Our customers receive 90% of their reports through the online channel. This is due to the pervasiveness of smart devices, the ease with which evidential materials can be attached to web-based reports and stricter requirements on the management of personal information.
Organisational whistleblowing – a global phenomenon
A significant step was taken by the European Commission in 2018 when it proposed a new law to strengthen whistleblower protection across the EU. Its reasoning is that scandals caused by a lack of transparency show that whistleblowers can play an important role in uncovering activities that damage the “public interest and the welfare of our citizens and society.” The proposal includes an obligation for organisations to implement safe channels for internal reporting. Companies with more than 50 employees or with an annual turnover of over EUR 10 million will have to set up an internal procedure to handle whistleblower reports. All state and regional administrations and municipalities with over 10,000 inhabitants will also be covered by the new proposal.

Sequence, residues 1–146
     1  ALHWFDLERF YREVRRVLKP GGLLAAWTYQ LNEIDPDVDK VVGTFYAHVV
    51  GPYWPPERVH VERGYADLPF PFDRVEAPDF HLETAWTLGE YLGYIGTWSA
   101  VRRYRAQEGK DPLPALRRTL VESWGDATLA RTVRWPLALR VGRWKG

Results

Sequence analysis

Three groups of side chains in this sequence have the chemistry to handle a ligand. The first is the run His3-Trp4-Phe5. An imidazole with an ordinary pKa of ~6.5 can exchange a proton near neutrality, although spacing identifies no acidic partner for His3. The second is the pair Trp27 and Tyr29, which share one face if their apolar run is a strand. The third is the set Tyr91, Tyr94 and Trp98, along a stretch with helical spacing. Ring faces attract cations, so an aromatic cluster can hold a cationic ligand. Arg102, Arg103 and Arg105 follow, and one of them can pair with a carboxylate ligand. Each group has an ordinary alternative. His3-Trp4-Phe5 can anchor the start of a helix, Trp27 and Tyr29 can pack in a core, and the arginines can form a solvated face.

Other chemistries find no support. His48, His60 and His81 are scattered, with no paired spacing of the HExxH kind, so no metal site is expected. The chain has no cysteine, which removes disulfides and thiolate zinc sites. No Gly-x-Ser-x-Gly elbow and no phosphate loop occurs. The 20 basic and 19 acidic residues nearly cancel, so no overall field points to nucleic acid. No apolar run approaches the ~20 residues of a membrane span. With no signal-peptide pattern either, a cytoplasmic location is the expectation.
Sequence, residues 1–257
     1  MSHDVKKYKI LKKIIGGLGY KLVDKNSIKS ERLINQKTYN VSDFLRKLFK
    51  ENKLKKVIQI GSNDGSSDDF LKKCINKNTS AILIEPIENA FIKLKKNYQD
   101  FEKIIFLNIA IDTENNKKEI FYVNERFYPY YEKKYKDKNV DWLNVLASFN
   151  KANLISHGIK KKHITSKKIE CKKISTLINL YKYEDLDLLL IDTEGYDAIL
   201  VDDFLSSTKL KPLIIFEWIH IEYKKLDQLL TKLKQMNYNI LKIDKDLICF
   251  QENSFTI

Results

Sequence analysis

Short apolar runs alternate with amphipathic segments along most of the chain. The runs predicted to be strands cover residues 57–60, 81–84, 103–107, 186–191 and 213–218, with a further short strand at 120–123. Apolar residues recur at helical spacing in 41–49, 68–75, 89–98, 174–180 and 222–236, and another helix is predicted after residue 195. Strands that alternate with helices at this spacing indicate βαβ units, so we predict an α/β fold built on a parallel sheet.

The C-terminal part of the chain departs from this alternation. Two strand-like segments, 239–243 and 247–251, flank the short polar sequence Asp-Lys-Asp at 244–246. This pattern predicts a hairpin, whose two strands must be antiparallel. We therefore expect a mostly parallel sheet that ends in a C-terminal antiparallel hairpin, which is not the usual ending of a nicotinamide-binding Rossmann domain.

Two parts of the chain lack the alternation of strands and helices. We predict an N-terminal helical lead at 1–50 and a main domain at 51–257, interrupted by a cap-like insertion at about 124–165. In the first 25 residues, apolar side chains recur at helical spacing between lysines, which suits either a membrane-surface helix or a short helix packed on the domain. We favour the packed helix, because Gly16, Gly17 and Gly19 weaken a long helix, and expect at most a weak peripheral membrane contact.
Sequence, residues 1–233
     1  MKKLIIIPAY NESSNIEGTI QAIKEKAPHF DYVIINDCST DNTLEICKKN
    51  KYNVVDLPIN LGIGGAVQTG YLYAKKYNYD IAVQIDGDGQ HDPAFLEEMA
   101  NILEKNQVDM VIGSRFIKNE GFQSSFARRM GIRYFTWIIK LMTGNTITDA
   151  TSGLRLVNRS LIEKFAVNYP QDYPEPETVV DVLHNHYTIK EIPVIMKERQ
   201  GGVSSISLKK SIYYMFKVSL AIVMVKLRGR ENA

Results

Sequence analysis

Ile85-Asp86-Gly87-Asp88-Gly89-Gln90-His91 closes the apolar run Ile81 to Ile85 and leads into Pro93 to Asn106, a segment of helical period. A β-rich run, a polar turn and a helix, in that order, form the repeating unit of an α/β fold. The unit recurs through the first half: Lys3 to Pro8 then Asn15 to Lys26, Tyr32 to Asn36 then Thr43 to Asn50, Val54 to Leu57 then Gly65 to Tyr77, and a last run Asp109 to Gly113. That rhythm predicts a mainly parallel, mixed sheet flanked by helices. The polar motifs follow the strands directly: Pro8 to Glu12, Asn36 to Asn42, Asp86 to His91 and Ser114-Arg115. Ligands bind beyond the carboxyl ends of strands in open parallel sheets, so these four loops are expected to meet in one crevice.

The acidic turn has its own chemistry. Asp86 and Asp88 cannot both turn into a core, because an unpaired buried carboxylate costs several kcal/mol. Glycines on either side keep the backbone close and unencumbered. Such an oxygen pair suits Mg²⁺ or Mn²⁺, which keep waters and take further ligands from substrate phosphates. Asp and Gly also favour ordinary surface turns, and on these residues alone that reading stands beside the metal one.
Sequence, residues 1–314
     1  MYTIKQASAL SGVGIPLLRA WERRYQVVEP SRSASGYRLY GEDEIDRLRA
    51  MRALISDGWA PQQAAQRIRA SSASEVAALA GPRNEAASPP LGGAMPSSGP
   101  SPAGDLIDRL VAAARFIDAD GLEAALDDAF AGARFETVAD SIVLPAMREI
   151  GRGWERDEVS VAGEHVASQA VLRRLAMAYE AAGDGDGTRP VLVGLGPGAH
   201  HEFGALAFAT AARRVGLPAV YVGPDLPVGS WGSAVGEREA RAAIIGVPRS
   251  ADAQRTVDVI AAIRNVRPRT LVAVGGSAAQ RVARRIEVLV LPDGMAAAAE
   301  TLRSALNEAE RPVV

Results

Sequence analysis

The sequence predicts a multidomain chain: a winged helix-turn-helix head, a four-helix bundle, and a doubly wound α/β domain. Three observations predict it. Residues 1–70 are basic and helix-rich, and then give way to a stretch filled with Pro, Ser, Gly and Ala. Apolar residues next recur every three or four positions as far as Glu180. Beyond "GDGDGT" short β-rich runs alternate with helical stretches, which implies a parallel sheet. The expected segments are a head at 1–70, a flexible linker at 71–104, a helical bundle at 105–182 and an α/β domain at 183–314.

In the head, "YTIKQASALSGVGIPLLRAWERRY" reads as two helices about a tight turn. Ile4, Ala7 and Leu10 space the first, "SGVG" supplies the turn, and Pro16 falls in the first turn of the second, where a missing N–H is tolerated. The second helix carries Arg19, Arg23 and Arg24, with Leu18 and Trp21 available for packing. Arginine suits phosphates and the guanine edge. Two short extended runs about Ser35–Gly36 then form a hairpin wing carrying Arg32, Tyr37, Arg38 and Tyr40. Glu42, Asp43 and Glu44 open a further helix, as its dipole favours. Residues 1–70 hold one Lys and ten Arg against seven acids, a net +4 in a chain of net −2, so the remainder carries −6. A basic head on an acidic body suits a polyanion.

Over the recent years, various European bodies called for the protection of whistleblowers. Examples are the Council of Europe´s Recommendation of the Committee of Ministers to member States on the protection of whistleblowers of 2014 and the European Parliament’s Resolution on legitimate measures to protect whistleblowers acting in the public interest of 2017. These initiatives have influenced the legislators in a growing number of countries that put new or revised legislation in place aimed at protecting whistleblowers; examples are Australia’s Treasury Laws Amendment (Enhancing Whistleblower Protections) Bill 2017, Italy’s Law No. 179/2017 and France’s Loi Sapin II.
Whistleblowing has been addressed by various organisations for many years. Already in the beginning of this century the Organisation for Economic Co-operation and Development OECD addressed the importance of improving ethical conduct, ever more focussing on whistleblower protection.